lj idol season nine | week three | 1500 words
In another castle
We lived in five different houses in four cities by the time I left for college, and my dad didn't even have the excuse of being in the military. Sometimes we moved because he ran from his problems rather than facing them, but usually, it had to do with his unerring tendency to buy the "albatross" house.
You're probably wondering exactly what that term means. Say that someone tries to sell their house and a year or two later, there are still no takers. If you were to go look at the house, you might find a room or a feature that was utterly weird. My father would look at that same house and not notice the weird thing until after buying it and living in it for a few years. Once he did notice it, the house would then become completely unlivable and he would have to sell it, but he would never see the problem early enough to avoid getting caught up the whole mess.
I don't know what our first home was originally like inside. Outside, it was a nice-looking, white two-story house that burned to the ground before I was born. My father rebuilt it as a black, ranch-style house that seemed normal enough apart from the birch-forest wallpaper in the living room, and his having cannibalized one of the four bedrooms to turn it into a library with built-in shelves (this last part would become a recurring theme in all his houses). The original garage remained, though. It was wholly unusable for cars because the previous owner had run his dental practice from it, and it was full of patient chairs and the strange machines he'd left behind. When Dad sold the place (because my mother finally decided she'd had enough of working full time, raising two small children, and trying to maintain a 72-acre farm), I think the dental equipment was still there.
The next house was a Spanish-style mini-mansion (fairly unusual in northern Oregon), in a lower-middle-class neighborhood. It sat diagonally from a Holiday Inn motel, and despite its size had only three bedrooms (not quite enough for our family, which numbered seven during the Christmas and summer breaks). It had a full basement, which flooded every year during heavy rain, and the first night we discovered something else:
It was situated right above a set of train tracks.
The warning horn woke everyone up, and the sound of the chugging wheels convinced us all that we were going to die. The next morning, we explored the area around the property a little more. Ah, those days before widespread full-disclosure laws... they were really something.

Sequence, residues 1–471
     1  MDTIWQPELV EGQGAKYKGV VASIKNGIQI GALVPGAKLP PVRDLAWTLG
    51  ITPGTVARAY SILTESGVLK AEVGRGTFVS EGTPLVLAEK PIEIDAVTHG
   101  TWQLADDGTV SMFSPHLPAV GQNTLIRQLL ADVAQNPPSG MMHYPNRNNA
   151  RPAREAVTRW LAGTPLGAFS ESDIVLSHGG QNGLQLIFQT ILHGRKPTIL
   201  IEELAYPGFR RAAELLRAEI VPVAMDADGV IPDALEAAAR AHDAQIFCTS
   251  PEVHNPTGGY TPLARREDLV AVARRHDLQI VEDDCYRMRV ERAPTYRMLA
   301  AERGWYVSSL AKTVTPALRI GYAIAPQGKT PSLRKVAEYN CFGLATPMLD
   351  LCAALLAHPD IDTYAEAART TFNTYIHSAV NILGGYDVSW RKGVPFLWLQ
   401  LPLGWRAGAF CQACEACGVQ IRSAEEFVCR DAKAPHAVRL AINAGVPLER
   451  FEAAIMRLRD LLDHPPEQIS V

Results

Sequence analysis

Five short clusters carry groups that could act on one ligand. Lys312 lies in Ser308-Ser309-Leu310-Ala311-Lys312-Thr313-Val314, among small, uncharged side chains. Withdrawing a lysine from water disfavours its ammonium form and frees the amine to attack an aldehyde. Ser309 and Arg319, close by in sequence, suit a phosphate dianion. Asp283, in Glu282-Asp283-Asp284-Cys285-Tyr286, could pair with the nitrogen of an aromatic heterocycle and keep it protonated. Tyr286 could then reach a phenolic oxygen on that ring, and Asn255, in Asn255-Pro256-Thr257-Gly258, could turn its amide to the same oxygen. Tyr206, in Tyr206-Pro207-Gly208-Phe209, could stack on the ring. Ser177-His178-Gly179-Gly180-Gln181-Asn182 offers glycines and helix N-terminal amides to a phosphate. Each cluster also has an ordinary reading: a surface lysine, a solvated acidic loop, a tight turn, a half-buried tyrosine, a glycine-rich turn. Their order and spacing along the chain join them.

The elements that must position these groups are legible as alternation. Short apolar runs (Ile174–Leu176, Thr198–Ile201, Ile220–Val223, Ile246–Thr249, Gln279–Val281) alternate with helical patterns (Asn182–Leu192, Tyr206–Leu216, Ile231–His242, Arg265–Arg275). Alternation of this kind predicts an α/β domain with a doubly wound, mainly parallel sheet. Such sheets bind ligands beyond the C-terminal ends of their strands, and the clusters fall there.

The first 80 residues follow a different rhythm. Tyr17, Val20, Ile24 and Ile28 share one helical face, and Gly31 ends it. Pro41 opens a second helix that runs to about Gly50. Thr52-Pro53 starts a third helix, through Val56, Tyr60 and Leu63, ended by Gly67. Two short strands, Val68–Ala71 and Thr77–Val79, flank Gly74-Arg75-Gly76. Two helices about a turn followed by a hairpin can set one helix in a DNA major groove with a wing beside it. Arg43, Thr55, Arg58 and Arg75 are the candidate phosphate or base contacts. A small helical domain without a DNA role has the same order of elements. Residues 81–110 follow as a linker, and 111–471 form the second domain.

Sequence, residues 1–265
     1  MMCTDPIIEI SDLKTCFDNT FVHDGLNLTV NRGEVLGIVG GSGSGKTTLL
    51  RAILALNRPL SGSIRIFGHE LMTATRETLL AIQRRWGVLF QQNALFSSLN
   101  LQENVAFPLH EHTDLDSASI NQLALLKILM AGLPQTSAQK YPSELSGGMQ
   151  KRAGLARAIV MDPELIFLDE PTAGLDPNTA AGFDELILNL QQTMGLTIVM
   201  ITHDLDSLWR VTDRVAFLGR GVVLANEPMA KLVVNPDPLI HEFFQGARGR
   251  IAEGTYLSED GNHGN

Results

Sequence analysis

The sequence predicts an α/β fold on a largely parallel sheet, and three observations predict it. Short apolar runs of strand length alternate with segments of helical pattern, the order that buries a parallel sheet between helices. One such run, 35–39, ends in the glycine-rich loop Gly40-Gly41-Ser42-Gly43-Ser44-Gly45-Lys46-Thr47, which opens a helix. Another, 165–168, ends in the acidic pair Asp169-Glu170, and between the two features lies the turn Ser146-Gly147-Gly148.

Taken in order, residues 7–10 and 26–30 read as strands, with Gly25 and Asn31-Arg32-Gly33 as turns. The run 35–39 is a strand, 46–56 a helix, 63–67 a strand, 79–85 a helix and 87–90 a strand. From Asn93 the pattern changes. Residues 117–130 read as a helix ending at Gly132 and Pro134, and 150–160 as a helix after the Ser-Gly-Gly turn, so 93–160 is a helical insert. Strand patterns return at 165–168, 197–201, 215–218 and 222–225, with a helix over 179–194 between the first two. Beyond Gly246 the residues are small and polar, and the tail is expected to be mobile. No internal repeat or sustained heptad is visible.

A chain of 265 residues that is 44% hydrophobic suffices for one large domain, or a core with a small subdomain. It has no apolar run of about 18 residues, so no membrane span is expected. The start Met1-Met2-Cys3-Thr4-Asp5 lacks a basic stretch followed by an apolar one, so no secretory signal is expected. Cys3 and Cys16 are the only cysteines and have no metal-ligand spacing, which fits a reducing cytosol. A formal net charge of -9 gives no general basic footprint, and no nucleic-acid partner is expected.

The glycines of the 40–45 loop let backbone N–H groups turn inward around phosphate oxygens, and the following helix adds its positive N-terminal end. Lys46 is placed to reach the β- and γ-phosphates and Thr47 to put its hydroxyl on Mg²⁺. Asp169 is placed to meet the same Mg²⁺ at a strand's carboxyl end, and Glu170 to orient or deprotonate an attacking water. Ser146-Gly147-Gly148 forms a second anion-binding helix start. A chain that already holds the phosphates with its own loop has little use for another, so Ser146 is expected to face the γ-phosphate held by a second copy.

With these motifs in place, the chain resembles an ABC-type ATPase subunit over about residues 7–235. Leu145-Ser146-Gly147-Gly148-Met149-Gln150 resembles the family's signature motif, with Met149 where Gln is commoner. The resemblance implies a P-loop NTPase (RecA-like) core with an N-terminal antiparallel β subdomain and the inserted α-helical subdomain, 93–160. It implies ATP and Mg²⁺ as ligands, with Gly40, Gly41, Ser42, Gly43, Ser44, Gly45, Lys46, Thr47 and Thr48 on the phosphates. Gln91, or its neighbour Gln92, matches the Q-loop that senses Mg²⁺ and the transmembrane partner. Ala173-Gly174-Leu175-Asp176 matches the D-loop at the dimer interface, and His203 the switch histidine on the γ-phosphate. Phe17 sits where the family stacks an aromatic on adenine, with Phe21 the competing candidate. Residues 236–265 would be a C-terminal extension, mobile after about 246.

We moved to Portland two years later to help my mother launch her new career as a psychiatrist (she'd gone back into residency and changed her medical expertise). Northwest Portland had lots of houses, including in the school district my parents had already selected. But instead of any one of those fine places, Dad picked an almost entirely isolated house on top of a small, artificial hill. The closest neighborhood (associated with a different school district) was three blocks down a busy road that had no sidewalks. One block in the other direction was a very large cemetery. What a location!
It was a lousy choice for kids (especially for those of us who were still pretty young), but that had never mattered to my dad—and after the farm house and the out-of-school-district Spanish house, it was hard to be surprised. The house did have five bedrooms, though he immediately destroyed one to make a library. Two of the bedrooms were connected by a wall that mysteriously ended about 15 inches from the ceiling. One of those rooms was mine.
The back of the house was flanked on both sides by raised garden "courtyards," in addition to the regular yard. On one side, a door from the laundry room led out and there were stairs down to the main driveway at the far end. On the other side, there was a door from my bedroom leading out, and a three-foot drop. No stairs. The only other way to get there was to scale the rock wall from the driveway (and of course, being kids, we often did).
I don't know what the original owner was thinking, either with the missing stairs or the incomplete wall. The house was otherwise in decent shape, though as kids we spent whole summers following my Dad's directive to beat the forest back down the hill… until he finally realized that the weeds were what kept the dirt from eroding.